European Unemployment: Lessons for the United States

Europe is a great place to visit - but don't try to find a job there. Unemployment averaged 8.8 percent in Europe last year, compared to 6.1 percent in the United States. [See Figure I.] Americans hav…

Welfare Reform: Finishing the Job

Recently, for the fifth time, Congress temporarily extended the 1996 welfare reform law that established Temporary Assistance to Needy Families (TANF), the federal program that provides cash assistanc…

Ending Welfare as We Know It: Lessons From Canada

Welfare rolls in both Canada and the United States reached all-time highs in the 1990s. One province and a few states introduced reforms to slow the rate of increase or reduce the escalating cost. How…

Is Workers' Compensation a Model for Unemployment Insurance?

In the early 20th century, state governments and the District of Columbia set up Workers' Compensation (WC) systems to pay employees' lost income and medical expenses due to job-related accidents.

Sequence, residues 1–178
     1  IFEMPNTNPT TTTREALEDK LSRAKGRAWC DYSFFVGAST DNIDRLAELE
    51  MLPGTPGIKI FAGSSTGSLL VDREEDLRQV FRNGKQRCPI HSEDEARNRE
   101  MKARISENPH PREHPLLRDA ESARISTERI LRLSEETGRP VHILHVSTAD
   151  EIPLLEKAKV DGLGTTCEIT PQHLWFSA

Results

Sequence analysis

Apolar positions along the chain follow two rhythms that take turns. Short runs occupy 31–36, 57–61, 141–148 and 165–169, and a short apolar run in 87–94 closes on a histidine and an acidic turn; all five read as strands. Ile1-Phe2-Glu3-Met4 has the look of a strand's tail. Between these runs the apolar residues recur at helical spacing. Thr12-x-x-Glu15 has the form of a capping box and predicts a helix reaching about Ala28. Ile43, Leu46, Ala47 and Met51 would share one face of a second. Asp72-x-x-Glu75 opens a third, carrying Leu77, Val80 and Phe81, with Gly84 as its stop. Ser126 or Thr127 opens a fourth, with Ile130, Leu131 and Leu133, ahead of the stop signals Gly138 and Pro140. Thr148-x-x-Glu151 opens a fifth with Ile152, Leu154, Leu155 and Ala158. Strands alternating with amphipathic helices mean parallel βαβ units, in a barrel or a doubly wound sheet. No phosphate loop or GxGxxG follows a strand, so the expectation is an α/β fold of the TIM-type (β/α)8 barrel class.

Is There a Child Care Crisis?
Access to safe and affordable child care has been a major issue in the congressional debate on reauthorization of the 1996 welfare reform law.
How Not to Be Poor
About 31 million Americans live in households with incomes below the poverty level, according to the latest U.S. Census data. Poverty is more than a lack of income. It is also the consequence of speci…
Is Extending Unemployment Benefits A Good Idea?
A desire to relieve suffering can sometimes hurt. Moving an accident victim can worsen his injuries, despite our good intentions. Similarly, a desire to help the unemployed can actually delay their re…
Chile Leads the Way with Individual Unemployment Accounts
Chile was the first country in the western hemisphere to set up a social security system, and the first country in the world to reform it using individual investment accounts.